Here I’ve collapsed the campaign level and then sorted by conversions to reveal which locations drove the most conversions.
From this, I can see that I want to nurture my efforts towards the United States, the Philippines, Indonesia, Singapore, and Iraq.
What campaigns in particular, though, should I focus on?
To answer this, I’ll expand the nesting to reveal the campaigns under each location and then sort by conversions by right-clicking on D5.
Now I can see that Campaign C has driven the most conversions in the United States and that Campaign A has driven the most conversions in the other 4 locations.
I could also sort by cost/conv to see that while Campaign C has driven the most conversions in the US (107.8), Campaign E has driven about one-fifth (39.1) of all conversions (206.5) in the US for about half (5.69) the cost/conv of Campaign C (11.72). So I’ll want to investigate Campaign C to see what’s going right there and do more of it.
Let’s also identify where there’s fat to be trimmed. When I sort by cost in the US, I see that Campaign H has spent the third-most of any campaign (727.78) for only 4.6 conversions; this campaign might not be worth running at that level of return.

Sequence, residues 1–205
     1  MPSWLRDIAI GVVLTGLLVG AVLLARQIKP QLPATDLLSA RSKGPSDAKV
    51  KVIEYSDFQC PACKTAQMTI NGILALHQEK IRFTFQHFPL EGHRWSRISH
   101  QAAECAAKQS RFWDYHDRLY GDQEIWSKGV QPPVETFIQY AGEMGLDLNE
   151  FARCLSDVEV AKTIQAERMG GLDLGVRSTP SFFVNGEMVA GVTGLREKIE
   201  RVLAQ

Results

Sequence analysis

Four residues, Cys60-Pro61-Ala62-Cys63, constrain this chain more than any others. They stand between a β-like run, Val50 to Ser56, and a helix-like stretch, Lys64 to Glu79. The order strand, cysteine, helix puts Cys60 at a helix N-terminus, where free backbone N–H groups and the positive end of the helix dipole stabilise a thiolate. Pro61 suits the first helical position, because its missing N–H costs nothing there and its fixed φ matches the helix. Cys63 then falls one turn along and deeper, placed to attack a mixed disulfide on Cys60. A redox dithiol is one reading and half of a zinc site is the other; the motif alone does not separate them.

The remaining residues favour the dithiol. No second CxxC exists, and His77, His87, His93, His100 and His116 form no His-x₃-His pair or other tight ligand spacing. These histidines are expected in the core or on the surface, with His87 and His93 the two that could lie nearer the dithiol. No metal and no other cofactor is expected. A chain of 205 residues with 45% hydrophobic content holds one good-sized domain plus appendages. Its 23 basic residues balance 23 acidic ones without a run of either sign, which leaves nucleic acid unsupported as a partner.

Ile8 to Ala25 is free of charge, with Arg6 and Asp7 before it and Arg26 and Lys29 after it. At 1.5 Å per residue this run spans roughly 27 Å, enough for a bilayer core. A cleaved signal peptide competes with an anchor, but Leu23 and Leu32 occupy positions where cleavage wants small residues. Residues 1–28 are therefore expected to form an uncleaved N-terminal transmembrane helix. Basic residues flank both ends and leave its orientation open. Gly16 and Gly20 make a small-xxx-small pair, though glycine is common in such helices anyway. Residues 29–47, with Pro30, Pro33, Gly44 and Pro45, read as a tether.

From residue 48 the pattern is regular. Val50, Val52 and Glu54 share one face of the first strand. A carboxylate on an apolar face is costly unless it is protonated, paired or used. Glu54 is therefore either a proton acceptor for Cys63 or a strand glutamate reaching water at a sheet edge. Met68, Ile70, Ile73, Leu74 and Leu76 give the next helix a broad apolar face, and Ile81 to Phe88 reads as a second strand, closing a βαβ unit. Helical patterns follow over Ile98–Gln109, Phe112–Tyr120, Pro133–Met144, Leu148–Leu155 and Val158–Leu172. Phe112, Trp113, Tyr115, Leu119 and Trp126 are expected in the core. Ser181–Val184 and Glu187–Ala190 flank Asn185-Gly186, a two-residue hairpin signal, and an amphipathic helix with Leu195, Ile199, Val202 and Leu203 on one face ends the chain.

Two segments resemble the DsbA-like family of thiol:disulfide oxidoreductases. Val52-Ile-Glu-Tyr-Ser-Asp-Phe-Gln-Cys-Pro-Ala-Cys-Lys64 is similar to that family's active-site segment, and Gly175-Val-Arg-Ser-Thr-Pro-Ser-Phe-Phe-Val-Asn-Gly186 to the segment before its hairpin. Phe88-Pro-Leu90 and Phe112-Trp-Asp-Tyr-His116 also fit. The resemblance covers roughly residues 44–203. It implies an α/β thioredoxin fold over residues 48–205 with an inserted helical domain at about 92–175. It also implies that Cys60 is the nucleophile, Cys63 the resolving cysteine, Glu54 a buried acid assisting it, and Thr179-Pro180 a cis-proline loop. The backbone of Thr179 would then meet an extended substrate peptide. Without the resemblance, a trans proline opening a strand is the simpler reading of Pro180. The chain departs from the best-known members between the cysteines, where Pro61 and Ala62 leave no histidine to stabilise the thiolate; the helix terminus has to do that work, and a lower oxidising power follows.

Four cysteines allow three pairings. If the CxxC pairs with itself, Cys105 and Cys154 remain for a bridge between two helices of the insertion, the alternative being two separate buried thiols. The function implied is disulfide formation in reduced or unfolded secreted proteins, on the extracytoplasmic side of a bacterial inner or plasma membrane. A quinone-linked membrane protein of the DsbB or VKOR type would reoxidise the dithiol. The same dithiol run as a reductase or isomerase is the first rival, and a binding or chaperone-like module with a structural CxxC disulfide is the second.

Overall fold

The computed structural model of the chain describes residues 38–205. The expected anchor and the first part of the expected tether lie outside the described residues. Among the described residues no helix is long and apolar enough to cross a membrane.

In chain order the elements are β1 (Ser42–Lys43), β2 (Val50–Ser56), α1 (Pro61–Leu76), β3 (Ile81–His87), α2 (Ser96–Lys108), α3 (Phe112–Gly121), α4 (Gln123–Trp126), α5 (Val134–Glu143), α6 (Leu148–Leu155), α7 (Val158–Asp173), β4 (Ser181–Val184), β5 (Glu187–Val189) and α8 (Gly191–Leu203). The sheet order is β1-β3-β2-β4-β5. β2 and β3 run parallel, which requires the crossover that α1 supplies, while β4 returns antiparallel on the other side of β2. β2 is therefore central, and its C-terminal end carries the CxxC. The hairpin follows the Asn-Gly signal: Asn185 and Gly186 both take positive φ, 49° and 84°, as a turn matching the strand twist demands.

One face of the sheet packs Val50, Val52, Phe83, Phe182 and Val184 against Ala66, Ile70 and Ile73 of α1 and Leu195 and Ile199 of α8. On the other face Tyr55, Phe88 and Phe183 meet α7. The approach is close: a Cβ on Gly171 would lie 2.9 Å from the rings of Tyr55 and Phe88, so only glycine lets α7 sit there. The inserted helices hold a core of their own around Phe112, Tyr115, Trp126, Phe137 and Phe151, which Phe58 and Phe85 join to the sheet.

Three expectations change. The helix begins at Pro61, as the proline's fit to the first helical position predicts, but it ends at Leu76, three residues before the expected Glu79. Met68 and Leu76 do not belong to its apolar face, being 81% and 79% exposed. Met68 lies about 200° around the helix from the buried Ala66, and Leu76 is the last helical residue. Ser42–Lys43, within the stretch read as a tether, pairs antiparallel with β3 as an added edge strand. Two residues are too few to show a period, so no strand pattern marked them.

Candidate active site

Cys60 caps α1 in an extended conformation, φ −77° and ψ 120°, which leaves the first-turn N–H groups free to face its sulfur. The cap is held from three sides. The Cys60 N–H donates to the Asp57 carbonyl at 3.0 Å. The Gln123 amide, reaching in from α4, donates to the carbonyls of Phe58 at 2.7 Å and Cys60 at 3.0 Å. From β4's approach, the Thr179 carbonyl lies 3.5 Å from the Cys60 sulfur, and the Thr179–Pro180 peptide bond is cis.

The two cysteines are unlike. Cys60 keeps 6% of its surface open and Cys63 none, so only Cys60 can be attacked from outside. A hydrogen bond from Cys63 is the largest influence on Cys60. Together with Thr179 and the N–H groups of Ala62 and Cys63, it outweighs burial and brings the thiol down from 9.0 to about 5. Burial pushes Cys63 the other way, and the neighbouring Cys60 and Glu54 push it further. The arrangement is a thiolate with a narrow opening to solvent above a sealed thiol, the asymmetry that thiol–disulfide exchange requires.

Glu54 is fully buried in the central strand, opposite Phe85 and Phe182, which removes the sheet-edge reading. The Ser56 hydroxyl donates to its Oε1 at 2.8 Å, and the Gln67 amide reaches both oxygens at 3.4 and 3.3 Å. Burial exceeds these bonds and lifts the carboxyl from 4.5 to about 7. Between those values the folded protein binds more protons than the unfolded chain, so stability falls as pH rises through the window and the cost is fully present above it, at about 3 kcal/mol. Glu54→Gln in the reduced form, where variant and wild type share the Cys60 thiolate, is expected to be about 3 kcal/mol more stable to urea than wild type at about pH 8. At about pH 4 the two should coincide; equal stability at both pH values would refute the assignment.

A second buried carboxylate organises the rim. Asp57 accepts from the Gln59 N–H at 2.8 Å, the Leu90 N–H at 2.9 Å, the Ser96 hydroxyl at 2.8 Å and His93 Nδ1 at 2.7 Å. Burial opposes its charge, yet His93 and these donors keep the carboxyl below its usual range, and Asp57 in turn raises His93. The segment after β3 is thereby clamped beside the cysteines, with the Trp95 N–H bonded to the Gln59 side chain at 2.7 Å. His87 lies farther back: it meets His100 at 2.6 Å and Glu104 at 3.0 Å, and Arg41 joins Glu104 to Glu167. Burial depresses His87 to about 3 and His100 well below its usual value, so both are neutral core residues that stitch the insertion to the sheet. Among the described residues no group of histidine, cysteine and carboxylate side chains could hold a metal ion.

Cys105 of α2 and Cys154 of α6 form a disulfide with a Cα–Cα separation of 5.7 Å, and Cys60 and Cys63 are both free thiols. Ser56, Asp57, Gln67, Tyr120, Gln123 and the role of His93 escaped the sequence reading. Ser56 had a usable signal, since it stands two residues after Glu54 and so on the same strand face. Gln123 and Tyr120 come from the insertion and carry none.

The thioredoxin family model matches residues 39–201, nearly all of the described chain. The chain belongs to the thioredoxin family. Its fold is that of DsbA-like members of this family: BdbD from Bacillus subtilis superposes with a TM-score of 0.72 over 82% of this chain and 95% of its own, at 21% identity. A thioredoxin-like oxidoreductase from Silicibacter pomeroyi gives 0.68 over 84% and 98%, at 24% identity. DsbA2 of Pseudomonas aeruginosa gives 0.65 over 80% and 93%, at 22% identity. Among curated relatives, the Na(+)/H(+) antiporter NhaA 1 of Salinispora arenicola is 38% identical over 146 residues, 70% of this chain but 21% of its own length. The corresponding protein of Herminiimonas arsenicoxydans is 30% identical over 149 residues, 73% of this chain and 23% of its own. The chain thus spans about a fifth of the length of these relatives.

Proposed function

Before I just pause the campaign altogether, though, I should dig into the ad groups and keywords within the campaign to see whether there’s a clear poor performer that can be carefully excised without axing the whole campaign.
See this blog post for how to pinpoint PPC performance changes. It shows you how to take a scalpel, rather than a sledgehammer, to poor performers.
Analyzing by Campaign
Time to switch it around.
Go to the panel on the right, to the “Rows” area, and move “Location” below “Campaign.” This will reverse the nesting in column A: locations will now be nested under each campaign.
Collapsing the locations reveals the big picture of performance by campaign.
Campaign C has driven the most conversions and at a cost/conv of just 11.72; on the other hand, Campaign A has spent thousands more for nearly the same number of conversions. Let’s investigate.
Here I’ve sorted by cost and then highlighted locations that have not converted in the nearly year-and-a-half that we’re looking at. It might be time to consider excluding these locations from our targeting.
We can also switch back to looking at locations overall and do this same evaluation across all campaigns.
I hope you’ve gotten the flavor of the numerous avenues of analysis that pivot tables open up.
For more help you PPC efforts, check these out:
- How to Pinpoint PPC Performance Changes
- Catch a Competitor Bidding and Ranking for Your Brand? Here’re Your Options
- Now It’s Free to List Your Products on Google